But, and back to your question-ish, some years produce so much wheat that the farmers actually lose money. The reason is two fold. First, they lose on market price. The market price goes down when there is an abundance of wheat, it goes up when there is a shortage. The other problem with high-volumes is that there’s no storage system or infrastructure to support a storage system. Thus, all the silos get filled very quickly when all farmers produce record crops - when the silos are filled, the wheat is literally thrown away. 

Tl;dnr, “the food crisis” is typically not due to a bad weather year, but due to inefficiencies in distribution. There’s plenty of food grown in the world. Climate change will affect the patterns of growth, but not to such an extent that the systems cannot adapt and adjust.

Getting crops from farm to table is the real issue…

Check out the UN’s Food Security program for more.



UN report to point to mounting climate challenge
$10 billion for climate resilience?

Free climate change class on forestry.

The Nature Conservancy, Conservation International, Rainforest Alliance, and the World Wildlife Fund are pleased to announce the release of three new, self-paced and web-based courses on climate change and REDD+ on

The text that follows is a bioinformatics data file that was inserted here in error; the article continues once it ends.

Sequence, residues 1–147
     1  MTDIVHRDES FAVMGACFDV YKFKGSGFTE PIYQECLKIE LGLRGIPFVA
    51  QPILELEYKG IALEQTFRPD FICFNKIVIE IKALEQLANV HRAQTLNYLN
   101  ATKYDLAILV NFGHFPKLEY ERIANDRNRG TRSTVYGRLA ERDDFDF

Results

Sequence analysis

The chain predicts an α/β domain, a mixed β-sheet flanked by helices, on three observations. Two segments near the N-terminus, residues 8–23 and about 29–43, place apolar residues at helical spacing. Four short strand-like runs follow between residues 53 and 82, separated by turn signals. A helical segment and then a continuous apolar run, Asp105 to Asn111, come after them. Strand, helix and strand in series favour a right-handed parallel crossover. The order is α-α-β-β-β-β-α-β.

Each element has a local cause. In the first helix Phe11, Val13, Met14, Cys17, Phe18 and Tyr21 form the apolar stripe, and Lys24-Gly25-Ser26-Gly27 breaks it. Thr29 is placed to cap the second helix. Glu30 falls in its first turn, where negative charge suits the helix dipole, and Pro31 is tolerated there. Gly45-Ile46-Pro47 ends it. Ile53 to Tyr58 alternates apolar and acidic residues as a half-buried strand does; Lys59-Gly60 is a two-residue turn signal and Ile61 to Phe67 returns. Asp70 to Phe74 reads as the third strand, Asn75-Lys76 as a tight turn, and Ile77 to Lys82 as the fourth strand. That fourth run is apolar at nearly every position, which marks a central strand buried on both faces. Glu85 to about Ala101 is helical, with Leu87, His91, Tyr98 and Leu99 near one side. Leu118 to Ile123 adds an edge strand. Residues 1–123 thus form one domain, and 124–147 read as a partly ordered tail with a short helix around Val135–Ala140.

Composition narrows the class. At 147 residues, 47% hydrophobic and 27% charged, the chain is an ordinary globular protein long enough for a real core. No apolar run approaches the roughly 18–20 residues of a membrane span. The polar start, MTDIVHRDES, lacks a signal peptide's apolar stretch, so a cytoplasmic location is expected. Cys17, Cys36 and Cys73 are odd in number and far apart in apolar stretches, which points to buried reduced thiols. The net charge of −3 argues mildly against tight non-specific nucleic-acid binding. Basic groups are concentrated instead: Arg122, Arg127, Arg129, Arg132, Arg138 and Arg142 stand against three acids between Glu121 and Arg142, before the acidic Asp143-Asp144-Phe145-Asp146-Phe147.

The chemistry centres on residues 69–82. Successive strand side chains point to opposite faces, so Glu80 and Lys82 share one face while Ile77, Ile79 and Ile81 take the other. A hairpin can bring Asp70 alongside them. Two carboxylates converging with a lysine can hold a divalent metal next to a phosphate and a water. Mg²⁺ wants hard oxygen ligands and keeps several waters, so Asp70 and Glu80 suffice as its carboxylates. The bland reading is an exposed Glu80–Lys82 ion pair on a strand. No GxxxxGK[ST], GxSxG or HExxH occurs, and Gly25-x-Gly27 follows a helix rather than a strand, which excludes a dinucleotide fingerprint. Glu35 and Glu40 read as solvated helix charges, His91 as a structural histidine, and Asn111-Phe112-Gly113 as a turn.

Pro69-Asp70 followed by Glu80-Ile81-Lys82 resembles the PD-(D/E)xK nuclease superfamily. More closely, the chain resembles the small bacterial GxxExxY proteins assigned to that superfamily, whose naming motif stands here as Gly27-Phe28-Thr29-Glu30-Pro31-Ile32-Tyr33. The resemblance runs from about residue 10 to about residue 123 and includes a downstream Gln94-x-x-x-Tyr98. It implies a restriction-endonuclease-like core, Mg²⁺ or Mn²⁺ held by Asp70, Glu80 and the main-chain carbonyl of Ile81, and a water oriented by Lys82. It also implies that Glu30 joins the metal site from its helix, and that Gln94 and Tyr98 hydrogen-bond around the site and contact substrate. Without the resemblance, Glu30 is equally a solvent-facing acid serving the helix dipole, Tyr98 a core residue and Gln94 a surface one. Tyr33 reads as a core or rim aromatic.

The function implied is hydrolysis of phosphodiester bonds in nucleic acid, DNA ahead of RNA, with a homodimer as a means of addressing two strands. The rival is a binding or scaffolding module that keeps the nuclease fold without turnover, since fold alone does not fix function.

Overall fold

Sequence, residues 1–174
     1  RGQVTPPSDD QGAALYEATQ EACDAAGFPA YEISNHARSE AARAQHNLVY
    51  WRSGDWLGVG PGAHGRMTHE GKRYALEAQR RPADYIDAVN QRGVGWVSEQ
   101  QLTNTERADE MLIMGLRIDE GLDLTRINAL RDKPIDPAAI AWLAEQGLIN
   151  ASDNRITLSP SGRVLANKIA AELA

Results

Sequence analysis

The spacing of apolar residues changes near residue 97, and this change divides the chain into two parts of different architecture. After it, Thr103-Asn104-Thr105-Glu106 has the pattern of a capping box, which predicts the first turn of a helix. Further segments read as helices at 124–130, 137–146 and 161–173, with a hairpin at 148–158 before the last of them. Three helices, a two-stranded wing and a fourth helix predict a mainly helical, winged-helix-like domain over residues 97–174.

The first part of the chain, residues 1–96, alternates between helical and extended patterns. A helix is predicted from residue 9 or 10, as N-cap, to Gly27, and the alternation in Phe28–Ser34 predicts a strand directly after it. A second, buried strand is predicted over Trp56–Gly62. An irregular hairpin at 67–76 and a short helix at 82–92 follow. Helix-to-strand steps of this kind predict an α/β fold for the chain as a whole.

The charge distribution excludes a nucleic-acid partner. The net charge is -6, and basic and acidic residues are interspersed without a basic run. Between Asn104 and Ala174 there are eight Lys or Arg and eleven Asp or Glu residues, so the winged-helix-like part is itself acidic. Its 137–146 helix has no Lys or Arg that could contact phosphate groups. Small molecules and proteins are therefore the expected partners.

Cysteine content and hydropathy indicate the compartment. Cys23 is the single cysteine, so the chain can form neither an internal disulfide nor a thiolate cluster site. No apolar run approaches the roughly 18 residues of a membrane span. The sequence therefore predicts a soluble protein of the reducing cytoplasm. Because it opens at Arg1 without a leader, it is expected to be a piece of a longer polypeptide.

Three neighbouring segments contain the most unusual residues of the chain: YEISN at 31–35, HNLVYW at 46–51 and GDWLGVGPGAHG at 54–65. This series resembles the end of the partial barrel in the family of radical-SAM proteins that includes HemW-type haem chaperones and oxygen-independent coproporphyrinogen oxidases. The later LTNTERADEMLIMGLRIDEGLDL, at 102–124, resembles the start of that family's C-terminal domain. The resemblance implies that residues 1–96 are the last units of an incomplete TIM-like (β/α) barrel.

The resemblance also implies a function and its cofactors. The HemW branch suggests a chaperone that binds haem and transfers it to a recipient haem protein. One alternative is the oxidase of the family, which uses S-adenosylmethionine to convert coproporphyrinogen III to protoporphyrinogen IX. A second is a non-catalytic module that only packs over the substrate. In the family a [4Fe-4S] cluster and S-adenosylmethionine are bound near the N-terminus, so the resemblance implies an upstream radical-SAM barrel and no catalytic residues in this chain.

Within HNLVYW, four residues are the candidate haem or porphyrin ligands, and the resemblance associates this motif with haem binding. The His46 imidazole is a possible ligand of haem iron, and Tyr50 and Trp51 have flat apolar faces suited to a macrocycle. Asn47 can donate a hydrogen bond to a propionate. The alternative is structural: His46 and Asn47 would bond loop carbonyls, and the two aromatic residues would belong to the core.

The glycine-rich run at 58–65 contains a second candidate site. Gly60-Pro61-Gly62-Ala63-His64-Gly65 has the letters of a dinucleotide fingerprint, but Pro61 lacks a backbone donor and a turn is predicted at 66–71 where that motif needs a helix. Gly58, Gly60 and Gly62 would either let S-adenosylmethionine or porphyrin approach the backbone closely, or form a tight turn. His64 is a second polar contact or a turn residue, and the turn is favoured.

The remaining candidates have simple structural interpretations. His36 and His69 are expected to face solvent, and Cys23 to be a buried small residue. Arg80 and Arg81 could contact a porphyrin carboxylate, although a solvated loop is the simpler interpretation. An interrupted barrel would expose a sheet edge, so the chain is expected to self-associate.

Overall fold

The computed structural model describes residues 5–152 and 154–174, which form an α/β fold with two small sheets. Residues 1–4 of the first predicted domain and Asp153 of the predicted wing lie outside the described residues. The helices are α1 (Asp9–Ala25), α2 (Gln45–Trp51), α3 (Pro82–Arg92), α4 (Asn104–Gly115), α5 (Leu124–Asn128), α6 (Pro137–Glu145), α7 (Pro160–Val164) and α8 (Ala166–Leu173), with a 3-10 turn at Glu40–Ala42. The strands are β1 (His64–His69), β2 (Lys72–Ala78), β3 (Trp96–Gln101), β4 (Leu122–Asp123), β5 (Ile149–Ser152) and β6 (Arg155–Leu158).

The curriculum, Introductory Curriculum on Reducing Emissions from Deforestation and Forest Degradation and Conserving and Enhancing Forest Carbon Stocks (REDD+), provides an introductory level of understanding on climate change, deforestation, forest degradation, and REDD+. This new version contains up-to-date information on policy and implementation as well as a cool new facelift and improved interactivity. It is divided into three courses:

Course 1, Introduction to Climate Change and the Role of Forests, the focus is on background information on climate change, the drivers of deforestation, and strategies for reducing deforestation and forest degradation.

Course 2, REDD+ Policy, we cover the essential aspects of the technical, political, financial, social, and environmental issues related to REDD+.

Course 3, REDD+ Implementation, the focus is on the basics of implementing REDD+ activities at various scales.

The course is freely available to anyone who is interested.

Basically, methods to conserve forests.

“ The world has failed us ”